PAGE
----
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Electric cars have taken the world by storm. But have they taken Australia?

Not yet, if media reports are to be believed.

Electric cars offer clear benefits over cars driven by fossil fuels

A study published by the University of Brussels in the Guardian, UK, late last year, found that “electric cars emit 30% less greenhouse gases than diesel”.

We need to act - and with urgency.

Man-made climate change, the United Nations Intergovernmental Panel on Climate Change warns is an imminent crisis that will hit as early as 2040. Besides creating a humanitarian crisis, the scale of which we may never have seen before, what inaction will also ensure we leave behind, is a burden our children may need to deal with – without them possessing the capacity to.

Australia is not ready for electric cars

Interest in electric cars sounds impressive with the Electric Vehicle Resource Centre reporting an increase in sales of electric vehicles of 56% during the period 2016 and 2017.

The reality is - this increase has been calculated on a low base and actual sales of electric cars are still only 2284 vehicles per year versus sales of petrol and diesel driven vehicles that Trading Economics Australia reports is 80,000 cars on average per month or 1.2 million vehicles in sales per year.

What’s holding Australia back?
The lack of incentives, according to a report in The Conversation titled Australians will not buy electric cars without better incentives”.

European countries are being creative with the way they sell electric cars. For example, Norway gives citizens who buy electric cars financial incentives plus exemption from road tolls, free car ferry travel, free recharge sites, free parking and access to bus lanes during peak and off-peak hours.

Price is an incentive

According to a Roy Morgan Survey, people are prepared to buy electric cars but will not do so at present prices. They want the Government to lower taxes and prices on the cars before they will buy them.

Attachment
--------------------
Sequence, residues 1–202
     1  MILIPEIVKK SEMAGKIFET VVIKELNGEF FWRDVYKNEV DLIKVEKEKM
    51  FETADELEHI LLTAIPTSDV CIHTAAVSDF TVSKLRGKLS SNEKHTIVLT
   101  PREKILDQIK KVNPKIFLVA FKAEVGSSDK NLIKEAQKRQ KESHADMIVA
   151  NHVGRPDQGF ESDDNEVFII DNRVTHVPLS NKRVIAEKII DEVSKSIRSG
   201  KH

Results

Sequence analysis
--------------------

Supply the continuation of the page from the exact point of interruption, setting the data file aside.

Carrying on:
At present, an electric vehicle like the Mitsubishi Outlander (emission 41 grams of carbon per kilometer) will set you back $55,000. The Nissan Leaf is roughly $30,000, the Hyundai Loniq 29,500 while the TESLA’s are expensive at between $35,000 to $242,000 for the Model X.

To view prices, click here – note prices are in US dollars – please use a currency calculator to arrive at a closer estimate of prices of brands.

People want more publicly accessible charging stations

At present, News.com.au reports that Australia has the lowest ratio of electric cars to electric charging stations. Just 476 charging stations exist nationwide with there being 15.42 cars to each publicly accessible charging stations.

So, what do you do if you run out of electricity? You call the NRMA for a tow back to your garage – is the truth.

Thinking about buying an electric car?

It’s not a bad idea at all, if you can afford it. Ways to make the price of electric cars more affordable, exist. Sell your car and the proceeds can help bring the price of that new Nissan leaf down by thousands of dollars – depending on the age, brand and usage of your vehicle.

Cash for car dealers, used car dealers…they will all give you a cash for cars quote which will indicate the present value of your car from which you can deduct the price of that brand-new electric vehicle you may have your heart and mind set on. By selling your current car and investing the sale amount towards buying your electric car, you will be doing your bit for the environment. And as we all know, every little bit makes a big difference.

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